Should car theft victims have to pay for storage fees?

HOUSTON, Texas (KTRK) -- Jesse Pesina still can't believe his truck was stolen from his driveway on May 8. He described the moment he walked outside to find it missing.

"Man, my truck is gone," he said. "Call the cops."

Incredibly, a week later Houston police officers found it on the opposite side of town. And they told him where he could go pick it up. He was met at the lot with a hefty towing and storage fee.

"But when I got hit with that bill $359.11, I said, man, what is going on?" said Pesina. "Why so much? That's a lot of money to get my truck back."

It's perfectly legal. The state agency that regulates tow trucks and storage lots, the Texas Department of Licensing and Regulation, told Eyewitness News that cities can enforce laws that provide for "reasonable" towing and storage charges for victims of auto accidents or thefts.

To make matters worse for Pesina, the interior was wrecked and the battery was stolen. He had to have it towed to his mechanic for another $80. He figures it will cost another thousand to repair it.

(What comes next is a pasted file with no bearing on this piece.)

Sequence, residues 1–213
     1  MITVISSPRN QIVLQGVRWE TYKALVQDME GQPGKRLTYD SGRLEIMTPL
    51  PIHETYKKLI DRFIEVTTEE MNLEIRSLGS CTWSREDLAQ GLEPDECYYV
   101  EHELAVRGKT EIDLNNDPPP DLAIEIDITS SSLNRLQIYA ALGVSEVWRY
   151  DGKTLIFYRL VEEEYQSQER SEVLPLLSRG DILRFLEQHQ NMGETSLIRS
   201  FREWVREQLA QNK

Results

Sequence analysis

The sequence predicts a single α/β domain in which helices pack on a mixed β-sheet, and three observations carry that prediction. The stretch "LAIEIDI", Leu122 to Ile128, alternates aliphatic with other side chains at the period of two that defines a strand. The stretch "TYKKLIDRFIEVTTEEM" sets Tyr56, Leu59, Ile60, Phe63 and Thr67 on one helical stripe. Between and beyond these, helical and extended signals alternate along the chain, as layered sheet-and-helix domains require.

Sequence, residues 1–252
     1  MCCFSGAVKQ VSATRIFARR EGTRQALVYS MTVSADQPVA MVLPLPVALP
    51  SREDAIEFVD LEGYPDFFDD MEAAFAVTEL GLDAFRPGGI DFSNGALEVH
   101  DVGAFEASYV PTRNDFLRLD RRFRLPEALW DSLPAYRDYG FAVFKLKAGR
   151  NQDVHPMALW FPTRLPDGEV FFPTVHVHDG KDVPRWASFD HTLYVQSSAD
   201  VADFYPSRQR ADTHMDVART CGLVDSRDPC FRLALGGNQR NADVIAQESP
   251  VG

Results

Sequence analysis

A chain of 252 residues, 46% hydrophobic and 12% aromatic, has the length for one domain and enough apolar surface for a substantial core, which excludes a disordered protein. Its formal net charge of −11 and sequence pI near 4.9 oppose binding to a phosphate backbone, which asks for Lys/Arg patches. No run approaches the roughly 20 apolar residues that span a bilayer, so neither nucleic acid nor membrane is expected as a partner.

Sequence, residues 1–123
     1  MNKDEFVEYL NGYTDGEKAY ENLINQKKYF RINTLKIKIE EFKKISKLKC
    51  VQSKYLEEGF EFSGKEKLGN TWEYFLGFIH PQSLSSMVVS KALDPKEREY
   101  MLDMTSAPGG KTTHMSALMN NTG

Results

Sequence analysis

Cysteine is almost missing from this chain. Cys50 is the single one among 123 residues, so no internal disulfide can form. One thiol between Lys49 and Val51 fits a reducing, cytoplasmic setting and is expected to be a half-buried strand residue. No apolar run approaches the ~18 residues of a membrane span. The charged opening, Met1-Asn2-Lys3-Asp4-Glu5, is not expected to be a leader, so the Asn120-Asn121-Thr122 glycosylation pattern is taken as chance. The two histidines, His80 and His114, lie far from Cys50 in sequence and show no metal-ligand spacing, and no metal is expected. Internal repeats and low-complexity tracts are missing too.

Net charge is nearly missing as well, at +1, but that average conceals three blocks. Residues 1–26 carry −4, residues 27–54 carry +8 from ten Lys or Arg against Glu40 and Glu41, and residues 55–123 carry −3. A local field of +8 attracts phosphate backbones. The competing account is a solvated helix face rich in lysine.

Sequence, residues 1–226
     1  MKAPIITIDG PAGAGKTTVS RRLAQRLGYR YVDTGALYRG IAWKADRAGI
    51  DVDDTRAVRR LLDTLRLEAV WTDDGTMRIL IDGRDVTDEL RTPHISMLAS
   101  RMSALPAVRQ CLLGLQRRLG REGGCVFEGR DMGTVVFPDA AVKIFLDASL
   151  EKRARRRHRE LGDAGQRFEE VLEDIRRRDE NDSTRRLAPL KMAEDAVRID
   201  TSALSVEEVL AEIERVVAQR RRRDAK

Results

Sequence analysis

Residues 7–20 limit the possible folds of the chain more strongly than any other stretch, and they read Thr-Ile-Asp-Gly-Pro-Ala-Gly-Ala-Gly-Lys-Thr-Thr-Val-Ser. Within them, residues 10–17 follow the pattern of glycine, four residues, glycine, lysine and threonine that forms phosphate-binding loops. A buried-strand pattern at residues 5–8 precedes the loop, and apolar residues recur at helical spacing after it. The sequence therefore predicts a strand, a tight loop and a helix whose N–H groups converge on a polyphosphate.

Pesina has insurance, but none that covers theft.

"There's got to be a recourse for this," he said. "You can't say just because your truck got stolen, I mean why should we have to pay all over again?"

City council member Michael Kubosh believes the rules target the poor who don't have the money to pay for insurance or the fees. He'd like to see the city change that.

"When somebody has had their vehicle stolen and then somebody else is benefiting from it, I think that's egregious. I think it's wrong," Kubosh said. "The tow fee should be waived, just like with Safe Clear program. And the storage fee -- it doesn't make any sense to put these people through this."

Eyewitness News contacted the storage lot on Tidwell where Pesina retrieved his car. The person who answered declined to do an interview but said, "As a human, it's not right. But that's how it is."
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